While awaiting your firstborn, you may have visions of folding laundry or reading a book as your little one coos to himself a few feet away.
Then reality hits and between feeding, changing, and doing strange acrobatics you’d never have expected to get this little guy to sleep, there’s no time for anything else.
Our babies need us, and that’s a fact, but there are lots of creative ways to hack mom life. Getting your baby comfortable playing alone is one of your best tools.
So how in the world do you do it? Well, my first piece of advice is going to sound a little harsh…
Get out of their face.
Eek, I’m sorry, but this is just so important. We all want to interact with and just plain love on new babies, but the truth is, we tend to overdo this. Taking a step back will set the groundwork for a baby who can play alone. Let newborns observe their world and don’t constantly interrupt them or try to entertain them. Allow babies to discover that a rattle makes a noise, instead of showing him by shaking it in his face. Resist the temptation to direct your baby’s attention to yourself.
Providing opportunities for the smallest babies to become immersed in observing their environment helps them fine-tune their focus and attention span. Think of yourself as a quiet observer and don’t just swoop your baby up anytime you feel like it. She might be busy! Don’t worry, you can still swoop your baby up plenty of the time, and talking to her is definitely recommended. Just try to be mindful and keep it balanced.
Set up a consistent time for independent play
A great routine is to get baby up from a nap, feed and diaper him, and then let him watch a mobile or do tummy time with a board book propped in front of him. Get him used to doing an activity at the same time each day where he leads the action. Use a consistent and defined space, like a blanket on the living room carpet.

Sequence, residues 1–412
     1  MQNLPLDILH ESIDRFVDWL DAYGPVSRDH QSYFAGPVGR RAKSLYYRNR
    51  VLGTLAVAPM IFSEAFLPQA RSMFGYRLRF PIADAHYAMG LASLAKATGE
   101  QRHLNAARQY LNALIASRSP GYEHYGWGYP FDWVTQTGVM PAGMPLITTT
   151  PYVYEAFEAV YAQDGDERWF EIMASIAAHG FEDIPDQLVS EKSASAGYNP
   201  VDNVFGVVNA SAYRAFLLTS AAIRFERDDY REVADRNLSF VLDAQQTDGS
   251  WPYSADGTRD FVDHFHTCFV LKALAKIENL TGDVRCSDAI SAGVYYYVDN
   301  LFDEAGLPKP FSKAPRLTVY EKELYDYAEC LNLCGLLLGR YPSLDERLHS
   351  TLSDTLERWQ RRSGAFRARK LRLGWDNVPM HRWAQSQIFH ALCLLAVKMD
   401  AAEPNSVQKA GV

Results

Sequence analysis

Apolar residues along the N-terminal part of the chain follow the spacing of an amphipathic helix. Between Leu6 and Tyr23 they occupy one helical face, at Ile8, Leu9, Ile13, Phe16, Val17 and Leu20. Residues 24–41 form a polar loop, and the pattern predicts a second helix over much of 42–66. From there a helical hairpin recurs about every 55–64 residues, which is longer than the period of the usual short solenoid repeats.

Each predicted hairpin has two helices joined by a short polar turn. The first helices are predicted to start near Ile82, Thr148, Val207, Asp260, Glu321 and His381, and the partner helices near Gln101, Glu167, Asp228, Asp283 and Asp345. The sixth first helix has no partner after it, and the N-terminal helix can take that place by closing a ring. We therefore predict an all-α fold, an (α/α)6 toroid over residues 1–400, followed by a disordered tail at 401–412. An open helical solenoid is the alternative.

Choose the right toys
Select toys that are developmentally appropriate. Switch them up just enough to keep baby interested, and update them as she grows older.
Newborns do best with high contrast images and simple mobiles. A 4-month-old usually stays busiest with something with a face (think Sofie) or a Kleenex box filled with silks or small objects to pull out. An O-ball is another great option at this age. Around 8 months, babies become interested in different types of rattles, and around 1 year a shape sorter or stacking cups are perfect.
Keep choices minimal for independent play. Usually, one carefully selected activity will do it. Babies are easily overwhelmed and tend to throw everything in a pile if there are too many options. This gets old fast, which does not support lengthy or productive play.
Gradually extend the length of time
Start small and gradually lengthen the amount of time. If your baby is engaged in play, let him continue rather than cutting him off, if possible. At the same time, don’t stretch it too much. You want to “kill it before it dies” to keep a positive association with independent play time.
Helping your baby develop independent play skills is a slow and gradual process. Don’t expect too much too soon, but always keep working on it. It will pay off! You will reap the benefits as he grows. This isn’t just for the parents either—it will positively impact the child himself in even greater ways. A child who can focus, observe, and explore objects will grow up intelligent and have an edge academically. And of course, there’s no need for whining when you can occupy yourself.